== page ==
To make the relationship between Bcd variation and hb border variation clear, we have plotted the data of Gregor et al. and compare it with fixed-tissue Hb data (Figure 1). The hb border is steep, and its position can be measured unambiguously in fixed tissue since it is not sensitive to scaling variation, unlike a Bcd threshold concentration. This comparison shows that the Bcd threshold position at which the hb border forms is about twice as variable as the border position. It is important to note that the hb border is just one among many that have low positional variance. As an example, consider the anterior border of the posterior kni domain, which is activated by Bcd [22]. This border is located ∼10% EL posterior to the hb border and has a positional variance of ∼1% EL [6]. At this position, the Bcd-GFP data have a variance of ∼4% EL (see Figure 5C in [16]), which is much larger than that of the kni border. This example clearly contradicts a picture of positional specification in which Bcd specifies all of its targets accurately.

Like hb, kni is not regulated by Bcd alone, but also by Caudal (Cad) [22,23], Hb [20,24], and Gt [25]. The examples of the hb and kni borders show that it is not possible to explain the variance of a single expression border position in isolation. It is necessary to take into account all the genetic interactions required for generating the expression patterns over space and time. Gene circuits [26,27] are dynamical models that can accurately reproduce observed gene expression patterns by reconstituting the required set of genetic interactions in silico. In the gene circuit method, (1) a gene circuit model, in which one real number characterizes the regulatory effect of one gene on another, is (2) fit to quantitative gene expression data by (3) parallel Lam simulated annealing [28,29] or some other nonlinear optimization method [3032], and finally (4) biological conclusions are obtained. This method has been successfully used to analyze both the pair-rule and gap systems [27,3336] and performed better than other models in a comparative study [31].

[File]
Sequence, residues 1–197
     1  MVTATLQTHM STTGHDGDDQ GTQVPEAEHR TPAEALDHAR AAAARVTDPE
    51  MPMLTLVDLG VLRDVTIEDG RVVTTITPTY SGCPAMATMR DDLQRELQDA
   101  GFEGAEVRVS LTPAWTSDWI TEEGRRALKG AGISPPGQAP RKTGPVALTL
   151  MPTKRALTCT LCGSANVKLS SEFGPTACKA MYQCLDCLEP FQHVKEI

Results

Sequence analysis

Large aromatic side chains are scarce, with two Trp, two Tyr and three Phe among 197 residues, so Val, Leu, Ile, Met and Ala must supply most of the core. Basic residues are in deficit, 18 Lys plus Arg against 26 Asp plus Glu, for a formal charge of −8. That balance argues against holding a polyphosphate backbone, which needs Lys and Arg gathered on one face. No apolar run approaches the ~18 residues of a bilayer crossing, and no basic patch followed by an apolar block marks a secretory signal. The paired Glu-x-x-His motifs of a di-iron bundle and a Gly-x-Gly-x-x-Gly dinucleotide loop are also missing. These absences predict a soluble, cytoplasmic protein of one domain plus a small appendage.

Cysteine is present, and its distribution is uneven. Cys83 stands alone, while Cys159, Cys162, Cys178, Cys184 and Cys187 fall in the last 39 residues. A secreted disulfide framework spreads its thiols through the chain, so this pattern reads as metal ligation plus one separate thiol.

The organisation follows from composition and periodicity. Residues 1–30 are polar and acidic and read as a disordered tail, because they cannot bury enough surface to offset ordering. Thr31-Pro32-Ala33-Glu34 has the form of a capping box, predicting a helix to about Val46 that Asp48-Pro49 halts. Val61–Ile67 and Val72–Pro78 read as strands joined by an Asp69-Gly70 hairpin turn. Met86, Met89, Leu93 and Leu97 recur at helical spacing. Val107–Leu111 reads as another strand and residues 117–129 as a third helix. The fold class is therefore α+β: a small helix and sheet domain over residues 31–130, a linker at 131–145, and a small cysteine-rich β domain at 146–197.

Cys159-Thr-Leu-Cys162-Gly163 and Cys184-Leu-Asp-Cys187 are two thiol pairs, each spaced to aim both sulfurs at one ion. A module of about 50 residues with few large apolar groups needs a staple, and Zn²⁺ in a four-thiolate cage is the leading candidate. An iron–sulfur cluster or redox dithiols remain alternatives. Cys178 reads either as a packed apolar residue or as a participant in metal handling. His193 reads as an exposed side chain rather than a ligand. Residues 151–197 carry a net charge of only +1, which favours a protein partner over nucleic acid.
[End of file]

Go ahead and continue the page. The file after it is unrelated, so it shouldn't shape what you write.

In what follows, we briefly describe the gene circuit used in the Results section “Gap Gene Circuits”; a full description is provided in Protocol S1 (Section S1). We then demonstrate in the Results section “Simulation of Bcd Variation and Size Variation” that a gene circuit model for the gap genes hb, Kr, gt, and kni under maternal control and including mutual gap–gap interactions is sufficient to explain the reduction in the variance of gap gene domain border positions, showing that it is not necessary to postulate an undiscovered gradient [12,14,15] or active transport [13] to explain this property. In the Results section “Variance Reduction by Gap Gene Cross Regulation and Experimental Verification,” we characterize the regulatory interactions underlying variance reduction. This analysis shows that the reduction in variance of the hb border is a consequence of repression by Kr and Kni, and hence predicts an increase in variance when these factors are removed. We present new experimental data from Kr;kni double mutant embryos that validate this prediction and show the correctness of the gene circuit approach. The validation of the gene circuit approach shows that the gap gene system also satisfies the second requirement for demonstrating canalization, which is that variance reduction arises from intrinsic properties of the system.


Gap Gene Circuits

We constructed a gene circuit that models the expression patterns of the gap genes hb, Kr, gt, and kni in a region of the blastoderm extending from 35% EL to 92% EL along the anteroposterior (A–P) axis. The protein products of these genes are transcription factors [3740] and localize to nuclei. The model computes the time course of nuclear protein concentrations in a time interval beginning at the start of cleavage cycle 13 and ending at the onset of gastrulation [41] (Figure S2 in Protocol S1). The initial conditions were specified using cleavage cycle 12 gene expression data [6] (Section S1 in Protocol S1). The 13th nuclear division occurs in the duration of the model (Figure S2 in Protocol S1) after which the nuclei in the modeled region are divided, and daughter nuclei inherit the state of the mother nucleus.